|Illustration of the phalanges|
|The phalanges in a human hand|
|Articulations||Metacarpophalangeal, metatarsophalangeal, interphalangeal|
In anatomy, phalanx bones (plural phalanges) are bones that form the skeleton of the toes and the fingers. In primates such as humans and monkeys, the thumbs and big toes have two phalanges while the other digits have three phalanges. They are also classified as long bones.
The phalanges do not have individual names. They are named for the digit they represent and their relative location from the center of the body (proximal or distal).
- Proximal phalanges are closest to the main part of the hand or foot and articulate with the metacarpals of the hand or metatarsals of the foot.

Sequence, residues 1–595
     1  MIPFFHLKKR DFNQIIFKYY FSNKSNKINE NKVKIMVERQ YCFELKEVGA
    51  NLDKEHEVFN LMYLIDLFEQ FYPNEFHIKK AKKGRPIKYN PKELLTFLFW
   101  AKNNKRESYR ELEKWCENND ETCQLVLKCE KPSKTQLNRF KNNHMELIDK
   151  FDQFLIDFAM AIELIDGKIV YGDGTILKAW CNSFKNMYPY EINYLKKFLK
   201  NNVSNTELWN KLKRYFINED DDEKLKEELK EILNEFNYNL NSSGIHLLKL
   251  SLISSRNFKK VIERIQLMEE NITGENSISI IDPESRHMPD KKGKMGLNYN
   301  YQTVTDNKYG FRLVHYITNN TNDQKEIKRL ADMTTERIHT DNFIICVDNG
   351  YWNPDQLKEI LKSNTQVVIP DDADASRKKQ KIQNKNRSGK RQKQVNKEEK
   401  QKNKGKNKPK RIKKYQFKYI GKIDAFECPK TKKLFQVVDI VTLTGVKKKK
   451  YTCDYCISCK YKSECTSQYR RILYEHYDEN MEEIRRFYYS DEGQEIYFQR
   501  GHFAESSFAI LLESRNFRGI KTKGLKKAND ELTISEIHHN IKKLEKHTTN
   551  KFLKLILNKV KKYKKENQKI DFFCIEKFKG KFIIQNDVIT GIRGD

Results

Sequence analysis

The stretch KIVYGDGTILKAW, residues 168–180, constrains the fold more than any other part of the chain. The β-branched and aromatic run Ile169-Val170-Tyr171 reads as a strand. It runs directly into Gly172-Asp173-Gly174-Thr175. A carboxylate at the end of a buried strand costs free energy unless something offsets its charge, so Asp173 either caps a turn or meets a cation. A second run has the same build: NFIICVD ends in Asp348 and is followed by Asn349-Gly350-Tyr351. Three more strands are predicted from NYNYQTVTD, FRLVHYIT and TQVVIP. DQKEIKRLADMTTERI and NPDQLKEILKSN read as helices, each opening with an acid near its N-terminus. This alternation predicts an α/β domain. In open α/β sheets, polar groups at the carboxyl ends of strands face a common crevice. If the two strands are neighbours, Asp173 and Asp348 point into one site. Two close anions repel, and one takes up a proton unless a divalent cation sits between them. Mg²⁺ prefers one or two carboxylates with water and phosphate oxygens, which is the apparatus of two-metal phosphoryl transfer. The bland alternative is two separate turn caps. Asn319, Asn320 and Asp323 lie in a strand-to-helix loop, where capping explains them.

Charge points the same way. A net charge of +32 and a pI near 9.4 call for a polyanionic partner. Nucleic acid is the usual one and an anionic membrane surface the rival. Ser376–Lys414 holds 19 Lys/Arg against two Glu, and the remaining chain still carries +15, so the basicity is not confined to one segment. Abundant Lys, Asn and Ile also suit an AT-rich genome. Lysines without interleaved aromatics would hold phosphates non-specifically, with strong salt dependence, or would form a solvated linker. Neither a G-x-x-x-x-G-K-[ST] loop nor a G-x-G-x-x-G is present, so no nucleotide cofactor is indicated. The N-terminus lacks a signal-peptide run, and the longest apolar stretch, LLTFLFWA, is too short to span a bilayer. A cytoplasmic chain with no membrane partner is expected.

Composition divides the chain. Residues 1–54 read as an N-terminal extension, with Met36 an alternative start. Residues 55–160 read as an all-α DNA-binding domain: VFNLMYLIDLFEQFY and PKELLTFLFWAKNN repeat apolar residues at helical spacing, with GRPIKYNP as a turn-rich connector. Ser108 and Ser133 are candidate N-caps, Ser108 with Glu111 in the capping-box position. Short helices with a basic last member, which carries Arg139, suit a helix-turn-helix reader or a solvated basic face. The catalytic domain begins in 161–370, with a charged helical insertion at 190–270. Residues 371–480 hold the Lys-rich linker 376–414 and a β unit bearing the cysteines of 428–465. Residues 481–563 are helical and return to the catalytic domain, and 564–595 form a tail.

- Middle or intermediate phalanges are between the distal and proximal. The thumb and big toe do not have middle phalanges.
- Distal phalanges are at the tips of the fingers and toes.
The term phalanx or phalanges refers to an ancient Greek army formation in which soldiers stand side by side, several rows deep, like an arrangement of fingers or toes.
Most land mammals including humans have a 2-3-3-3-3 formula in both the hands (or paws) and feet. Primitive reptiles typically had the formula 2-3-4-4-5, and this pattern, with some modification, remained in many later reptiles and in the mammal-like reptiles. The phalangeal formula in the flippers of cetaceans (marine mammals) is 2-12-8-1.